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Aug 24, 2010 07:31 PM

New Le Creuset cast iron skillet and grill pans - how to prep?

I"ve just purchased my very first cast iron skillet and grill pan. I'm so excited I might pass out! :)
Just wondering if I am supposed to prep them (season them?) with oil or anything. I forgot to ask at the store. Any other tips/advice/suggestions about caring for them?
Thanks in advance.
Also, has anyone had problems using the enameled cast iron on smoothtop ranges? I bought the enameled pans thinking that that way it wouldn't scratch the glass top.

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  1. Follow the use and care information that comes with the cookware. No seasoning for enameled cookware. Cast iron pans are not recommended on cooktops but many people use them. Enameling will not prevent damage to the cooktop.

    1 Reply
    1. re: greygarious

      "Cast iron pans are not recommended on cooktops "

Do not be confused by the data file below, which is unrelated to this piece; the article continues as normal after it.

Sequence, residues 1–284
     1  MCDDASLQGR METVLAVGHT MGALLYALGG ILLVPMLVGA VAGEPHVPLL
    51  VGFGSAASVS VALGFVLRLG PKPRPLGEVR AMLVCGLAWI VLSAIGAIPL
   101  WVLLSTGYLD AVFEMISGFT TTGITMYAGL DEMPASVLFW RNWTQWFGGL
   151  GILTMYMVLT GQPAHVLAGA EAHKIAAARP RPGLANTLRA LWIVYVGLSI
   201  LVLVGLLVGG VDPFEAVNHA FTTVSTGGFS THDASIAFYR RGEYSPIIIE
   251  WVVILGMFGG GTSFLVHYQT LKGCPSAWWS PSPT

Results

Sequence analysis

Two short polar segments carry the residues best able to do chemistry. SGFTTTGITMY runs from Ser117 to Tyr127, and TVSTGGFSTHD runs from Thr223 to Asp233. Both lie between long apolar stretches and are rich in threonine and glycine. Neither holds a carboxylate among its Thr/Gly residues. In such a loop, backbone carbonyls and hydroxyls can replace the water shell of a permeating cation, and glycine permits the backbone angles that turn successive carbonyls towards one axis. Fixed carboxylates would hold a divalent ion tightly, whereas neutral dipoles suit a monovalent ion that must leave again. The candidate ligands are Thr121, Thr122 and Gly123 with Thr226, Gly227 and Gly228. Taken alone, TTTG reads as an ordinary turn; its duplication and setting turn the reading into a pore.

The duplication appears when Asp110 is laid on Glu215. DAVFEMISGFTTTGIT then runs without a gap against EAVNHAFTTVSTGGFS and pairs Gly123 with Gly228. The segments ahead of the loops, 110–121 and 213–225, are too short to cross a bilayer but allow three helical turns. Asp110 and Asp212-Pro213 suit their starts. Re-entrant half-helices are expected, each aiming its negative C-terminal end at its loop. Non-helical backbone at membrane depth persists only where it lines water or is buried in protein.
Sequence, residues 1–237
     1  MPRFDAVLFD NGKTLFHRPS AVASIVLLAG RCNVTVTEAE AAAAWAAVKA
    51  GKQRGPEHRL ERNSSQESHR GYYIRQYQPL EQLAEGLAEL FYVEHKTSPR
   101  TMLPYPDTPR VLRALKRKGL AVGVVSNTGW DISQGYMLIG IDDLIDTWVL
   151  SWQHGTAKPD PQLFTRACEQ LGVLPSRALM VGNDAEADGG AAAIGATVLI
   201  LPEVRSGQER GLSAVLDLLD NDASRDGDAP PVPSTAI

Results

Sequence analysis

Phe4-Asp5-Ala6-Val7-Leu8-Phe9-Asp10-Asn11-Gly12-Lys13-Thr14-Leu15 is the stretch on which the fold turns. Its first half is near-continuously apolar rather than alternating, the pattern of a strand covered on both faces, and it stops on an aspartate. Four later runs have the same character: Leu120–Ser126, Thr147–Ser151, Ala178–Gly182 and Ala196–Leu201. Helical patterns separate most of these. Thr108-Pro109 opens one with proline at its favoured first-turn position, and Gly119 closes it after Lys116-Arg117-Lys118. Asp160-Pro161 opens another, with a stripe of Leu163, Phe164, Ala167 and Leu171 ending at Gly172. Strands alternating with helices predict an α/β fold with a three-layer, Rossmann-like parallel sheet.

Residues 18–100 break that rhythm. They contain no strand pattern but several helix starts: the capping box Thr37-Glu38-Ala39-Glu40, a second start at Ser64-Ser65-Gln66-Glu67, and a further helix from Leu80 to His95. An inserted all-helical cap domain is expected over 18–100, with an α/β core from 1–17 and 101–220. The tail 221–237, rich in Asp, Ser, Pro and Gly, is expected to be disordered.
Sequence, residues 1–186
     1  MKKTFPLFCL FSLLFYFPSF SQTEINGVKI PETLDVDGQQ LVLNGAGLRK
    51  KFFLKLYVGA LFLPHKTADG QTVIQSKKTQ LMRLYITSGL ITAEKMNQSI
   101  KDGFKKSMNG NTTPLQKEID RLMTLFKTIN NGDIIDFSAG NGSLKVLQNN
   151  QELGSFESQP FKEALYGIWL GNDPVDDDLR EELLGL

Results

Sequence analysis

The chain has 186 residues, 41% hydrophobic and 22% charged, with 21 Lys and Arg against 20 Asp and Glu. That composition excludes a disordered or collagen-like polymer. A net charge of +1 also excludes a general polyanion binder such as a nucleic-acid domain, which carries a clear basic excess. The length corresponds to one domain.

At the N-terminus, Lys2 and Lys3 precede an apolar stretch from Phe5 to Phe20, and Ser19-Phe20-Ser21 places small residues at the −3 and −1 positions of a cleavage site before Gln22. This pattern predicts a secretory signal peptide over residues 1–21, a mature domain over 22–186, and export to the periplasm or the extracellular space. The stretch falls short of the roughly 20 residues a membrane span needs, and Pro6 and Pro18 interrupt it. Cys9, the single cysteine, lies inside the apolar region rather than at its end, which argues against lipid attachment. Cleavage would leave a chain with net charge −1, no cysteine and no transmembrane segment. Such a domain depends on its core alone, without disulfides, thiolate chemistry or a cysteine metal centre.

You mean smooth cooktops.

      1. As greygarious wrote, no prepping necessary for enameled cast iron. Well, beyond washing it once you get it home from the store. I have a glass cook top and I use every type of pot or pan known to man on it, including naked cast iron, enameled cast iron, aluminum, anodized aluminum, stainless steel, copper, and glass. Oh, and on occasion, my wok. To date. nothing has scratched my cook top. But all manufacturers do not use the same material for their cook tops. Some scratches more easily than others. For the record, my cook top is a 30" GE Profile.

        3 Replies
        1. re: Caroline1